Wolfforth Council, city manager seeking advice on tax credit properties

Wolfforth City Council members wrangled again over two different developers hoping to build tax credit properties in the city.

“Each project sounds good,” City Manager Darrell Newsom told the council members. But he said he had talked to Mayor Charles Addington last week, who asked him to contact an unbiased source to advise the city.

“I’m working on that right now,” Newsom said.

Council members tabled the request for an $80,000 loan from Monarch Meadows in favor of getting the advise, but some of them talked about their concerns before the vote.

Councilwoman Julie Merrill said when the Monarch Meadows representative, Roundstone Development developer Bob Colvard, came to the meeting on July 2, he was asked for follow-up letters from other communities where his organization built.

Councilman Bruce MacNair said he also asked for photos of the buildings after they had been lived in for a while to see how well they were maintained.

Newsom said the letters are at city hall, but the long-term photos may not be available since the only buildings in Texas were just recently built.

Merrill said she is “irritated” about the fact that there are other sources of funding available to Roundstone Development, and she is “not thrilled” about the city being asked for money.

Newsom told her that the loan must come from some kind of local government entity.

MacNair expressed concern that he doesn’t know if one project would be better for the tax base of Wolfforth than the other. He also said he would like to know what else is planned for those areas.

Newsom said both properties are owned by speculative land owners, but either location would be “a catalyst for development” in Wolfforth.

Councilman Randy Gross said he approves of the move to ask advice from a third party.

“I’m still really concerned” about the city having to loan the money, Gross said, although he said the city is risking not getting any new development if they pass at providing a loan.

Councilman Vardy also said he would like to get the opinion of the third party.

“I’m very concerned about having to make the loan for $80,000,” Vardy said. The city hasn’t done seal-coat paving in two or three years, he said, and that money could be better used for that.

Vardy said he agrees that Roundstone probably could have gotten a loan elsewhere if it had really worked on it.

“We, as a city, have been really fair to both projects,” Vardy said.

Former Mayor L.C. Childers stood up to offer his opinion as well, noting that it’s not the city’s role to loan money. He said the city attorney advised the city not to loan money when Roundstone first asked in January.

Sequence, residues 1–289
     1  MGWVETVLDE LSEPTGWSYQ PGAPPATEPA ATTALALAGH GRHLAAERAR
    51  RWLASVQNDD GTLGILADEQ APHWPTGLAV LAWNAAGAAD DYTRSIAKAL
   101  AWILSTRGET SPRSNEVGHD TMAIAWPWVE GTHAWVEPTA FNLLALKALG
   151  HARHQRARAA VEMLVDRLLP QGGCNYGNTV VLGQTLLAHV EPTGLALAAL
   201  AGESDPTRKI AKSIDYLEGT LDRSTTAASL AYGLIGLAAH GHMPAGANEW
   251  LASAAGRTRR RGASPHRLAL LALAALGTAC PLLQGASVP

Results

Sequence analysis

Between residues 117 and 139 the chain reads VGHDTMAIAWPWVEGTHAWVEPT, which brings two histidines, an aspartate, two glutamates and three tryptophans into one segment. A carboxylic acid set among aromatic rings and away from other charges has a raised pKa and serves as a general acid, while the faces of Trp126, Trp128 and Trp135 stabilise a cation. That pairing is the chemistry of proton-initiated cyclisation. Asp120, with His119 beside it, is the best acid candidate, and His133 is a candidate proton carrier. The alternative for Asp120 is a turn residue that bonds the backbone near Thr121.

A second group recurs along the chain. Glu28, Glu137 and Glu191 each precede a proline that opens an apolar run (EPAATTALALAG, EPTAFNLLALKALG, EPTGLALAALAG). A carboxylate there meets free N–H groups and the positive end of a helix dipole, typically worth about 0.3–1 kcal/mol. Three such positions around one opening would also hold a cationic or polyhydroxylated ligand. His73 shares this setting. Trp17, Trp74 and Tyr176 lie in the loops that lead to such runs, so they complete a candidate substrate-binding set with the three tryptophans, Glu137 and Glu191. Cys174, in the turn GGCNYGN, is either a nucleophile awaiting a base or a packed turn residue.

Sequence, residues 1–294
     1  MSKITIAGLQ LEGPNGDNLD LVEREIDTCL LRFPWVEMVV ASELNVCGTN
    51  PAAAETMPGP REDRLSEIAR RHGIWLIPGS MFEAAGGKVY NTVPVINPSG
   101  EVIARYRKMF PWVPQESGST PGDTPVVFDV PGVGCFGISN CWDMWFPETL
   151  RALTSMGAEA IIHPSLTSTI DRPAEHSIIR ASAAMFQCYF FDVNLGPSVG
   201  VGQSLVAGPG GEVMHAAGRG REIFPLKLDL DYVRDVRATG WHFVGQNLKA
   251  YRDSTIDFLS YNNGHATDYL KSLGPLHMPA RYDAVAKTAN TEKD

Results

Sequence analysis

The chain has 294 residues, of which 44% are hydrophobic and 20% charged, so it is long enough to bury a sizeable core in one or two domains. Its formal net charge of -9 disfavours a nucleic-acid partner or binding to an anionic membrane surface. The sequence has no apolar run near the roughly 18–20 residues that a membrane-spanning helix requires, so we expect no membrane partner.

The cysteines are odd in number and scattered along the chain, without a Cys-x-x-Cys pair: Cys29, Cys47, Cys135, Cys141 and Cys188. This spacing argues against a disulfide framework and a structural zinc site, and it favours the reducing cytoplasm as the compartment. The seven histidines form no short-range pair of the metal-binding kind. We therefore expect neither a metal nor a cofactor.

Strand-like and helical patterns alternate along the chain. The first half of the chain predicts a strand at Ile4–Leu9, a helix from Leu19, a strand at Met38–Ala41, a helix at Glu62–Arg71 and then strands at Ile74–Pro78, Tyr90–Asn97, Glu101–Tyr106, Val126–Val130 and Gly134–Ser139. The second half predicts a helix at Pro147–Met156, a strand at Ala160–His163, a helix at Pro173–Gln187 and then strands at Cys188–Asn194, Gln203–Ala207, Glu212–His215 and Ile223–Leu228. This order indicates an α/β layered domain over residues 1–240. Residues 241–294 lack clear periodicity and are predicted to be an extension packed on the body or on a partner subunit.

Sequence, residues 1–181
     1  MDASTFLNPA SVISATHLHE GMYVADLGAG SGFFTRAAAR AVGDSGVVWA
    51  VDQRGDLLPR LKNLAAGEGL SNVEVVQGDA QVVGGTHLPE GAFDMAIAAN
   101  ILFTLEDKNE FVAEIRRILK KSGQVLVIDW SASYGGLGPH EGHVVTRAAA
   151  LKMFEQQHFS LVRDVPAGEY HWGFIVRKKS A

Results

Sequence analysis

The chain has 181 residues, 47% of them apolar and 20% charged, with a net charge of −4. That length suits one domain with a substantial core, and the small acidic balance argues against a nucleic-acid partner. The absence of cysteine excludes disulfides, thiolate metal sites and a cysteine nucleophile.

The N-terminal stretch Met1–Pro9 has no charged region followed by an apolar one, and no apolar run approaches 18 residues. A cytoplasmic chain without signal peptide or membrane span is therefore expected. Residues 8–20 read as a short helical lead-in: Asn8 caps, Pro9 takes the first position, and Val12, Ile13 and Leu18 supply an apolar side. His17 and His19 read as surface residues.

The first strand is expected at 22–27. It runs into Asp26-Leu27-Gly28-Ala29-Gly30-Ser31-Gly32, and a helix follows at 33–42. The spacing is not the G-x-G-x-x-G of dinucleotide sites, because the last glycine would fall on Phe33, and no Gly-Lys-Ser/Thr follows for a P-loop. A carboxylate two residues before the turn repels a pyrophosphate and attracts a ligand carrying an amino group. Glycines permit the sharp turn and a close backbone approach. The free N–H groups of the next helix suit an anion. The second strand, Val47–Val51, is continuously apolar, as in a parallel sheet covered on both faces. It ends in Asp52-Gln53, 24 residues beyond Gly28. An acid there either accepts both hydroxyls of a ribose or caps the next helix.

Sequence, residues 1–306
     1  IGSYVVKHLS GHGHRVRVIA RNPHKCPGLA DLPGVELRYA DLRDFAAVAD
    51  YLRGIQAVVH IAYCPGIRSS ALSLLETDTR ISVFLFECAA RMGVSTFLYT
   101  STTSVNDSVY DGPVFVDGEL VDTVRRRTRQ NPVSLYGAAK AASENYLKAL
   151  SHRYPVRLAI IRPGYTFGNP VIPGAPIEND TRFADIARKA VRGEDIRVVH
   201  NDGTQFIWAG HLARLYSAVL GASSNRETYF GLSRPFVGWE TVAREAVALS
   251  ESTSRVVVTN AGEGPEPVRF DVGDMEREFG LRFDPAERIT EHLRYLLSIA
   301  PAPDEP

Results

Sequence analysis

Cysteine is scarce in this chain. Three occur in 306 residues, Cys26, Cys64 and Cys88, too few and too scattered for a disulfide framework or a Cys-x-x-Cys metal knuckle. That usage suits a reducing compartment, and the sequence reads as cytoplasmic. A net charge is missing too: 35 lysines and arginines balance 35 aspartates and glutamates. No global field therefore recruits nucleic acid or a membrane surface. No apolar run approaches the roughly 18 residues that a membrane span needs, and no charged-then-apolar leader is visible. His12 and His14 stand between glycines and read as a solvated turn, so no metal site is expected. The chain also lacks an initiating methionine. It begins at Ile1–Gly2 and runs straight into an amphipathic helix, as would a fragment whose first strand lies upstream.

Newsom said the city had been advised that an $80,000 loan wouldn’t affect the city’s future borrowing power. But he said the city would probably have to borrow the money to turn around and lend it out, and he said it would be difficult for the city to do so.

Another developer vying for the same tax credit money administered by the state, Paul Holden of Wilhoit Properties, said Roundstone had other loan sources it could have tapped earlier, and could have even applied to the state of Texas for the loan.

A resident who said his grandfather donated the land for Patterson Park, near the Monarch Meadows proposed development, said it would be located right by his property.

“We’ve lived there 17 years, and 13 of it without a sewer line,” Kenneth Patterson said, adding that the city never had money for it. “If you put low income housing by the park, it’ll never be better than the day it opens.”

Patterson said he cannot see how low income housing right there would help the area.

Cliff Watt, a realtor with Westar Commercial Realty, said he is working to sell that land to Roundstone for the Monarch Meadows development. He said tax credit properties have been built in the Bacon Heights area of Lubbock and that area is stil growing.

But Holden countered Watt, stating that Patterson Park, the park with a lake along U.S. 62/82 in Wolfforth, is an amenity that exists in few towns on a major thoroughfare.

“You’ve got something here that could be sensational,” he said, adding that Wolfforth should carefully consider what is built in that area. “This is the front door of Wolfforth, Texas, right here.”

Watt laughed as he stood to rebut Holden’s comments, saying, “Let’s just go into an arm wrestling match.”

He went on to say that it is hard to put in first class housing beside the baseball fields in Patterson Park, but the tax credit property wants to locate there.

“Both projects are going to be good for the city,” he said.

Mayor Addington thanked everyone for their comments, but told Holden and Watt that they had proven his point.

“Gentlemen, that’s exactly why I went to Darrell (Newsom) to ask for a third-party opinion,” Addington said.

The council tabled the request in order to get more information.

Council members did vote to authorize the mayor to sign an oil and gas lease with The Caffey Group for a three-year lease on subsurface rights to several city properties, including city hall, Patterson Park and the sewer pond, among others.

If The Caffey Group drills, it will use horizontal drilling techniques and will not locate drilling rigs on city property, Newsom said. The city will be paid $500 per acre leased, and if The Caffey Group successfully obtains the resources, the city will get royalties of 25 percent.

Council members also voted to waive a fee for the Wolfforth Area Chamber of Commerce and Agriculture to have a barbecue cook-off in the Patterson Park pavilion.

A motion to allow all city workers to take a vehicle home when they are on-call died for lack of a second. City workers who live in city limits are currently allowed to take a vehicle home, but those outside city limits are not allowed to take a vehicle home, even if on-call.

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